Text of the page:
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Prepare for an Increase in Virginia Discrimination Claims due to the Virginia Values Act

In addition to dealing with all of the rules and regulations surrounding the response to the COVID-19 pandemic, Virginia employers also need to be aware of the new laws that go into effect on July 1, 2020.

Through one of these newly enacted laws, the Virginia Values Act (Values Act), Virginia has dramatically expanded its employee protections. Starting this summer, Virginia will undergo a drastic expansion of employee rights that will undoubtedly lead to a flurry of employee claims for the unwary employer.

Anti-discrimination Protections on the Basis of Sexual Orientation and Gender Identity

The Values Act extended existing state non-discrimination protections in public and private employment, housing, public accommodations, and access to credit, to Virginia workers based on sexual orientation and gender identity.

Virginia is the first state in the South to enact these types of comprehensive protections for the LGBTQ community against discrimination. Under the Values Act, workers with these newly protected characteristics have been afforded greater protections than are provided by Title VII of the Civil Rights Act (although there are cases involving these rights and employment discrimination currently before the Supreme Court).

Nearly All Employers are Now Covered

Under the Values Act, Virginia employers with 15 or more employees are now prohibited from failing or refusing to hire, or otherwise discriminating against any individual regarding their compensation, terms, conditions, or privileges of employment because of their race, color, religion, sex, sexual orientation, gender identity, marital status, pregnancy, childbirth or related medical conditions including lactation, age, status as a veteran, or national origin.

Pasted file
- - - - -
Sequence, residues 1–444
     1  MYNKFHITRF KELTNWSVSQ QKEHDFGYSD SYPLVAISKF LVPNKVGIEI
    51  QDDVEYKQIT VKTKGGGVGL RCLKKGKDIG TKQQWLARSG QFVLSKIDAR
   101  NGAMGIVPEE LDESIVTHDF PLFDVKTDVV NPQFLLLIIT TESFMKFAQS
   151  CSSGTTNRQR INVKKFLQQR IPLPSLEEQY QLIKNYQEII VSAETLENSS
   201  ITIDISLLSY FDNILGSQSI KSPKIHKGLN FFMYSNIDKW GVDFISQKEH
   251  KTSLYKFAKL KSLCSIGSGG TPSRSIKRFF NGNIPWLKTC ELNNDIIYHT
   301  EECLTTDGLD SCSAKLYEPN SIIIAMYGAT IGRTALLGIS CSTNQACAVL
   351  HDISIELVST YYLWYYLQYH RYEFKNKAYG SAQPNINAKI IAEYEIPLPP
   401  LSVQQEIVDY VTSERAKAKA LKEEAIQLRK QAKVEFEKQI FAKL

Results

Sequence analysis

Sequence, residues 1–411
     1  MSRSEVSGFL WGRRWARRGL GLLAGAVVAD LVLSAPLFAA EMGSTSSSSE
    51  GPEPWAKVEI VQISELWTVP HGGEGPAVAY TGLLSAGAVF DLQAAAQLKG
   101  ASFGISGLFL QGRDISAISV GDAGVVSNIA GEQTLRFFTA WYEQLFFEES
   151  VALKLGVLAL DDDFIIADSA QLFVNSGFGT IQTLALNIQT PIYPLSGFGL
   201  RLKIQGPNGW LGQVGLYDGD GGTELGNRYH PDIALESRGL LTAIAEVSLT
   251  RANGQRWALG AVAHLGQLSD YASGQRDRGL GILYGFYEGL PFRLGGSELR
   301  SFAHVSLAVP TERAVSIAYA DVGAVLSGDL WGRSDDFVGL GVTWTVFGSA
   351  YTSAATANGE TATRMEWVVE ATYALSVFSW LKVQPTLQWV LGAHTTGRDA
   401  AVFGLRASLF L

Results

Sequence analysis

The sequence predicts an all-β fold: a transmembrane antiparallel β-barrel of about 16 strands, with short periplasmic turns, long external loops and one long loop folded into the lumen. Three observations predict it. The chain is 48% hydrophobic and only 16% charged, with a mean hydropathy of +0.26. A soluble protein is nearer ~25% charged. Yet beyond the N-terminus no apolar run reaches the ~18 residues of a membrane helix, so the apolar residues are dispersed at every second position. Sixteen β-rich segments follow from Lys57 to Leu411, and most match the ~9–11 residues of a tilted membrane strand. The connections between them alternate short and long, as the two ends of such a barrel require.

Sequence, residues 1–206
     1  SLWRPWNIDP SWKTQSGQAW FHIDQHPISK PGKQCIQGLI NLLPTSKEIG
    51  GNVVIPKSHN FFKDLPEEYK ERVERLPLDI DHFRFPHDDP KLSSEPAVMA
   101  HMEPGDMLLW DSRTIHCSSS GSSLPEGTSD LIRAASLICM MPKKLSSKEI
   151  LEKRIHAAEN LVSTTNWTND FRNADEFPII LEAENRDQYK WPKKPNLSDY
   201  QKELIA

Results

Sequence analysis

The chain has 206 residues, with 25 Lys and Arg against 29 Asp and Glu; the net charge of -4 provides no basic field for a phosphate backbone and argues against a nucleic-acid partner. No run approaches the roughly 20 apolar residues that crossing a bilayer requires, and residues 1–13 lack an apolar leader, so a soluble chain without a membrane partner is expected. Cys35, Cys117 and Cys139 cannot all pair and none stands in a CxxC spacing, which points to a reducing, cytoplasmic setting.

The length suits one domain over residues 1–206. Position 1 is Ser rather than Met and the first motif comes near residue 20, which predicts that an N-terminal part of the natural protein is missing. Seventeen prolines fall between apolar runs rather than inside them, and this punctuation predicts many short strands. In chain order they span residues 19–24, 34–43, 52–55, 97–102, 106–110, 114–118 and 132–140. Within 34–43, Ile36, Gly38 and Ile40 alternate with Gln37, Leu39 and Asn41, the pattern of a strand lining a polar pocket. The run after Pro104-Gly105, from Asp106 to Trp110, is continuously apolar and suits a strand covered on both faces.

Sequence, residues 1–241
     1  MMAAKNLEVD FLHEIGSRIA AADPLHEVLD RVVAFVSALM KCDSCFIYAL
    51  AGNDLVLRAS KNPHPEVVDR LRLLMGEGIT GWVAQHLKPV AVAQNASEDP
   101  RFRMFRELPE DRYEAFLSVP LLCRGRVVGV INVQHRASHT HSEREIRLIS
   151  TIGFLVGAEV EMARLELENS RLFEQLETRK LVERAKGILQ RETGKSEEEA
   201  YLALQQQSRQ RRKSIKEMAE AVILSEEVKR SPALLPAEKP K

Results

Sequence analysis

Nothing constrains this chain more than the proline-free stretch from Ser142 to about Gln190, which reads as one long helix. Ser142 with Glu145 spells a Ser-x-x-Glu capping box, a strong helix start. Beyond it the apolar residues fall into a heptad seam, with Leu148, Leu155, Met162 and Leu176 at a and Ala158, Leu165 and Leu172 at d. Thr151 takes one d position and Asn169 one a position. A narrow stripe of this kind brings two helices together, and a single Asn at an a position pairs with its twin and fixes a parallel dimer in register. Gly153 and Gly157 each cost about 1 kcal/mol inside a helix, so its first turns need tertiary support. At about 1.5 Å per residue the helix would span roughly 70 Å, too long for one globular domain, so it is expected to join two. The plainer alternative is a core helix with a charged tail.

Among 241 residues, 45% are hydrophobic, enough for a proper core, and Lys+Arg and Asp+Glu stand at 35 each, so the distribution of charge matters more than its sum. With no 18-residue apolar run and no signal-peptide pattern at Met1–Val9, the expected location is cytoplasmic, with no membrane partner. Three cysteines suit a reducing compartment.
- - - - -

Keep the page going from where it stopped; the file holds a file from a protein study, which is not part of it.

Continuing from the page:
Additionally, Virginia employers with five or more employees are now prohibited from unlawfully discharging employees on any of those protected bases (age claims under the new law only apply for employers with more than five but fewer than 20 employees).

Limitations on Damages have been Removed

Most important for employers, the Values Act removed restrictions on private rights of action that individuals may bring against employers and their available damages.

Now, under the Values Act, any eligible person discriminated against may bring any claim of employment discrimination. Previously, individuals could only bring a private cause of action for unlawful discharge by employers with more than five but fewer than 15 persons (or more than five but fewer than 20 persons for unlawful discharge on the basis of “age”).

Also under the Values Act, persons discriminated against no longer have limitations on their available remedies, doing away with the 25% attorneys’ fees and 12-month backpay ceilings. Furthermore, persons who have been discriminated against may now also recover punitive damages and reinstatement of their position.

Key Takeaway

Given the expansive reach of the Values Act, Virginia employers can expect more discrimination claims to be filed in state courts as opposed to federal courts under Title VII because in Virginia state courts employers are much less likely to be able to cutoff recovery at an early stage through summary judgment. If employers have to litigate discrimination claims all the way though a full trial, it will likely make lawsuits much more expensive for employers, even if they are ultimately successful in defending their actions.

Nearly every Virginia employer will be affected by the Values Act, and therefore should review and update their policies and practices now to be prepared for the Values Act’s July 1, 2020 effective date.

Josh Schmand is a litigation and employment attorney who works on complex business, corporate, and commercial disputes, as well as employment matters, advising clients on the risks and benefits of litigation, preparing for trial when needed, and serving as a determined advocate. For more information, contact Josh at jcschmand@lerchearly.com or (301) 347-1273.

This content is for your information only and is not intended to constitute legal advice. Please consult your attorney before acting on any information contained here.

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